Horse History; Horse Return to Relevance

Grace, beauty, strength, and perceptive abilities are just a few of the admirable qualities that have tied us to horses for thousands of years. Even today, without horses playing much a role in our work lives (unless used for hobbies, sport, and therapy), horses still hold the key to the hearts of millions of hominids the world over.
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It’s hard to imagine how long horses have been here in North America, evolving over 40 to 50 million years ago.  Surviving well with huge predators such as Sabre-toothed Tigers, horses are fast, have a great sense of balance, and have highly perceptive fight or flight responses. Horses then became a casualty in the Pleistocene extinctions about 11,000 years ago. They disappeared with many large herbivores and predators likely because of a combination of climate change and the introduction of humans to the continent. Before their demise, many left the continent through the Bering Strait, a narrow land bridge, which is now ocean, between what is modern day Alaska and Siberia.
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‘Horse Power’ helped clear away the trees from the majority of NA in the 1800s. 

In Asia and Europe horses then prospered and proliferated. People gained much from capturing and using horses to their advantage. First domesticated about 4,000 years ago, our ancestors kept horses to drink their milk and feed their families, similar to how we use cattle today. From the wild species, people artificially selected horses through captive breeding to create what we now know is about 300 different breeds of horse. Only one horse species is left in the wild – the Przewalski Horse. It walks the tight rope of extinction, with small numbers only remaining in Mongolia, all coming from 15 descendants caught from the wild in the year 1900.
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Horses in Wortley Village (London), Ontario, Canada. East Coves Pond featured. Circa 1885 by Judy Porchuk. 

It wasn’t until the early 1500s that horses would return to North America when the Spaniard conquistadors, in particular, Hernan Cortes, brought 15 horses to Mexico in New Mexico. From there, some horses escaped, others were taken by settlers and indigenous peoples. It wasn’t before long that horses became the major driving force for clearing the landscape of trees, wetlands and grasslands. The terms ‘work horse’, ‘horse power’ and others attest to the strength and the seeming willingness of the horse to submit to help humans carve out a more comfortable existence in what was a wildly natural landscape.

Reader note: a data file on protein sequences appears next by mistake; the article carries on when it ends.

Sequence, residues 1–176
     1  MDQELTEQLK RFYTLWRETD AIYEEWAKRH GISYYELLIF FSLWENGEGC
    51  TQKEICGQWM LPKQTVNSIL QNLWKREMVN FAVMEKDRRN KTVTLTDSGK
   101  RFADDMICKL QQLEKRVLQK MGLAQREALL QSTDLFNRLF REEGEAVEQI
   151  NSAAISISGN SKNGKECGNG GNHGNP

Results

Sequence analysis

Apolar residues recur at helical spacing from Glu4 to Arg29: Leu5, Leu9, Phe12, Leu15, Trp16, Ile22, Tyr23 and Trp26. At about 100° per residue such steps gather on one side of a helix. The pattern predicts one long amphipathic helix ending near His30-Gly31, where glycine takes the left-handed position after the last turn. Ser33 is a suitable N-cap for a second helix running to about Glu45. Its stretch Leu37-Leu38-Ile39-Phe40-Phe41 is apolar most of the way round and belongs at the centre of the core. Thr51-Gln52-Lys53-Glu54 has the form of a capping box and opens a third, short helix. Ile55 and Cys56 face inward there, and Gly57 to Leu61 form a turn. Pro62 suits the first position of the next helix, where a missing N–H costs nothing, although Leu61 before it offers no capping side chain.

In small towns and developing cities horses were indeed used to clear thousands of acres of giant trees. In addition, horses assisted these settlers in other means like transportation, hunting, and land surveying. Once this initial colonization was complete, horses became the main means of transportation, both within and between towns and cities. Horse racing also became popular in the 17th century. Horse breeding became a big industry, with many supporting economies created. Blacksmiths for horse shoes, bits, and bridles. Tanners made saddles, reins, chaps and more. Carpenters built barns, wagon houses, and more…almost as much as we have in industry supporting cars currently, dozens of jobs were all based around the horse.
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Horses doing what horses do well; flee!

It wasn’t until about 1910 that cars become more numerous than horses in some major cities like New York. Horses then took a back seat in the carriage of industrialization. Never fading too far, horses have remained a mainstay on our rural landscape and continue to be raced, shown, written about, filmed and more recently, are used in therapeutic settings for those recovering from many conditions, including stress and other traumas.
I consider myself fortunate to have grown up on a quarter horse farm in Virginia (ON). My Dad built all of our barns, arenas and outbuildings by his own hands. My Mother broke horses, taught riding lessons, ran a tack shop, flew around the continent buying horses for people who had the money and trusted her passionate and informed opinions (she also painted the cover of this issue). My sisters thrived riding and competing in horse shows.
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A young human (me) testing his luck out on a horse…circa 1974 in Virginia. 

And, well, me… I certainly wasn’t the ‘horseman’ possibly expected by my family. I guess I was destined to get close to other animals and nature in general as an ecologist. Now, much later in life, I’ve really started to connect with horses. I watch my daughters reel in excitement and enthusiasm as they learn to ride and deeply connect with horses. More recently, I’ve been contracted to work with quite a few farms that feature ‘healing’ horses. Blending forest bathing, traditional therapy, and the raw power of openhearted horses, these beautiful animals are becoming more relevant in the lives of more and more people once again.